There are a lot of powerful ways to raise awareness about climate change, but sealing yourself in a tiny plastic-wrapped biodome gets extra points for creativity. That’s the DIY approach taken by self-described “whimsical scientist” Kurtis Baute who encased himself in an “ecosystem-in-a-jar” at midnight Wednesday on his brother and sister-in-law's property in Comox, BC.
Baute is live-tweeting the experience under the hashtag #KurtisInAJar, and is prepared to stay in the habitat for three days. He is closely monitoring his vitals and the biodome’s carbon dioxide levels, and will exit if the environment becomes even remotely hazardous to his health.
“Would be happy to make it a full 24 hours, but we'll see,” Baute told me in an email on Wednesday morning. “Carbon dioxide has been on the rise all night so I'm looking forward to daylight when my plants can do their thing. It is truly shocking how much our bodies alone can impact the air around us.”
Baute unveiled his plans to inhabit the cubic shelter measuring 10 feet in length, height, and width back in August on his YouTube channel. The idea is to simulate, in miniature, the human-driven processes that underpin climate change on a global scale. Baute’s respiration is pumping carbon dioxide into the small habitat, which is unventilated, while the many plants in the biodome are meant to provide him with all the fresh oxygen he needs to breathe.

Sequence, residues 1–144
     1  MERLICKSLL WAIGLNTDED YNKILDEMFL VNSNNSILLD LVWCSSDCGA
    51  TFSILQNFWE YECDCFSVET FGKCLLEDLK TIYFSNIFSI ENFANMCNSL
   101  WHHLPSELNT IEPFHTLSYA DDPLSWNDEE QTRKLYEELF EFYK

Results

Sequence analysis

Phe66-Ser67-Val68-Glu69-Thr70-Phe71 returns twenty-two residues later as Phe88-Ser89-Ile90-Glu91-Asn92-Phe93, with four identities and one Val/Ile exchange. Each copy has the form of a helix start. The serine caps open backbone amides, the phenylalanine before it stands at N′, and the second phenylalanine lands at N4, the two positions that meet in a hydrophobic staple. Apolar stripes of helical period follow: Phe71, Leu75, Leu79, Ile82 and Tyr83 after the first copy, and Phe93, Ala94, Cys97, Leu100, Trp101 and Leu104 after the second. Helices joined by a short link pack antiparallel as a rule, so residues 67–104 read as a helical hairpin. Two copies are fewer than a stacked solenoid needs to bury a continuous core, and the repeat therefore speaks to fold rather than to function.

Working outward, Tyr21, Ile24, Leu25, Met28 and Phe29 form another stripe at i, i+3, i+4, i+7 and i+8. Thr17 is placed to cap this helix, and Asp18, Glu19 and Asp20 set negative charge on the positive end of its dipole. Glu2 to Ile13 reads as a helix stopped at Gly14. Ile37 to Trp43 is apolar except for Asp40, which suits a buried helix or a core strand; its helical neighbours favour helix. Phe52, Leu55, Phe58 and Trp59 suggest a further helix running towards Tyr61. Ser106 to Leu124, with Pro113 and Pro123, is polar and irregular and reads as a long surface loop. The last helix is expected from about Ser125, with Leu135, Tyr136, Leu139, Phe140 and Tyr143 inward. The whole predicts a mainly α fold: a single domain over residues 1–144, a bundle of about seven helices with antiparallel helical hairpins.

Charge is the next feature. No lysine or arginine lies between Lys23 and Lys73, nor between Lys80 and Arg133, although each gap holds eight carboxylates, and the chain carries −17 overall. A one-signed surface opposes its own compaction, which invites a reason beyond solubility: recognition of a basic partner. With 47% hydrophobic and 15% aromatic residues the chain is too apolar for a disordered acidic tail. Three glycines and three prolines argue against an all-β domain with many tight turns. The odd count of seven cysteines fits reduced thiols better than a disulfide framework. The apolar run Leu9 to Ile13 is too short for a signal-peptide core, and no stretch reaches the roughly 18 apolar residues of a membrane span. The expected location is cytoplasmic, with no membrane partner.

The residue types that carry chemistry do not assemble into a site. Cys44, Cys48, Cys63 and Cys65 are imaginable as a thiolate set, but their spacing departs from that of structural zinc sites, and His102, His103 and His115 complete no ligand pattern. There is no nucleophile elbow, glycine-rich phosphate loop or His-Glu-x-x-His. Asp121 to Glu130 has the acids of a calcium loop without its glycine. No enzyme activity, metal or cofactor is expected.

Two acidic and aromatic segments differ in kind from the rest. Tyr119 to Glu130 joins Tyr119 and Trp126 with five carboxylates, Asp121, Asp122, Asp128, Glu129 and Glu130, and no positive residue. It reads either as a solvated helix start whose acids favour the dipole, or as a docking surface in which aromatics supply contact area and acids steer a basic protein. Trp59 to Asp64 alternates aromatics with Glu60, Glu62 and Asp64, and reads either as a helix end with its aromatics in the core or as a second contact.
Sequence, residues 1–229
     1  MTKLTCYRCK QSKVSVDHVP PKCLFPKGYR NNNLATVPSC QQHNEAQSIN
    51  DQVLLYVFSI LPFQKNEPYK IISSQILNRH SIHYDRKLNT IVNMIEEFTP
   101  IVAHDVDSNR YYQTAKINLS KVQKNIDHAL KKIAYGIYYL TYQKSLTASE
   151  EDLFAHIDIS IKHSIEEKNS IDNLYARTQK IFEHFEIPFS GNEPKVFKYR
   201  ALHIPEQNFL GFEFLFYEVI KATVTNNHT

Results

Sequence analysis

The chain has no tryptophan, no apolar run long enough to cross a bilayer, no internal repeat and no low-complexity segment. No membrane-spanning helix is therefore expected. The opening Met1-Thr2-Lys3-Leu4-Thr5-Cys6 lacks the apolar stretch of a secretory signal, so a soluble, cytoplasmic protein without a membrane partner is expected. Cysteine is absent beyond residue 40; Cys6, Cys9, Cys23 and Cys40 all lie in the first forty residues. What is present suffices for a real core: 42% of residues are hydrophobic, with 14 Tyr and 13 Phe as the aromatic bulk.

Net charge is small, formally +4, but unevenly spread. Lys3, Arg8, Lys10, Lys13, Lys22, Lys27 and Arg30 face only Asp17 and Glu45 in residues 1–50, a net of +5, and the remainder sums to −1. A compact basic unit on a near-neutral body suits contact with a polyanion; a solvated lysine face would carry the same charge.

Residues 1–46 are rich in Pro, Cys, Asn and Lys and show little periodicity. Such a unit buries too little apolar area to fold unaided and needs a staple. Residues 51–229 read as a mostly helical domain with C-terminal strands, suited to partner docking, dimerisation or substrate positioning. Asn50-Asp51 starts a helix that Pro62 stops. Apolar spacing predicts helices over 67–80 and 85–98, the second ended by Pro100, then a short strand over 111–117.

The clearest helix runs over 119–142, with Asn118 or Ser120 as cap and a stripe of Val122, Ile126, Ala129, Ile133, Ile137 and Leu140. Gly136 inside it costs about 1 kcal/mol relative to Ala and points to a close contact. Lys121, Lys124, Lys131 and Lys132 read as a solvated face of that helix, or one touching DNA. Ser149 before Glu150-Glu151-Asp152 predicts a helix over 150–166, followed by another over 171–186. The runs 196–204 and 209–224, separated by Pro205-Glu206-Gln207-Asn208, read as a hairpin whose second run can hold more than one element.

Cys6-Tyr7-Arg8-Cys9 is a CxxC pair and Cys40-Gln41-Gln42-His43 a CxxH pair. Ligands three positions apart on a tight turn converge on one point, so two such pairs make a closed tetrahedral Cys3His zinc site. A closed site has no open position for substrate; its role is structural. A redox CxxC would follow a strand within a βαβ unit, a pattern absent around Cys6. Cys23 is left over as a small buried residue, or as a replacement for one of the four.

The space “is literally triple-sealed,” Baute said. “One continuous sheet of greenhouse plastic, wrapped and folded, then sealed with tape from the outside and inside, then silicone on anything that looked at all creased and imperfect. I made sure no air would get in, as counter-intuitive as that sounds.”
The #KurtisInAJar experiment is just the latest of Baute’s science engagement projects. Over the summer, he biked across Saskatchewan to measure the curvature of Earth, and in a particularly popular video from January, he recreated the timeline of the universe using dominoes.
Update: After 15 hours, Baute evacuated the shelter due to high CO2 levels.
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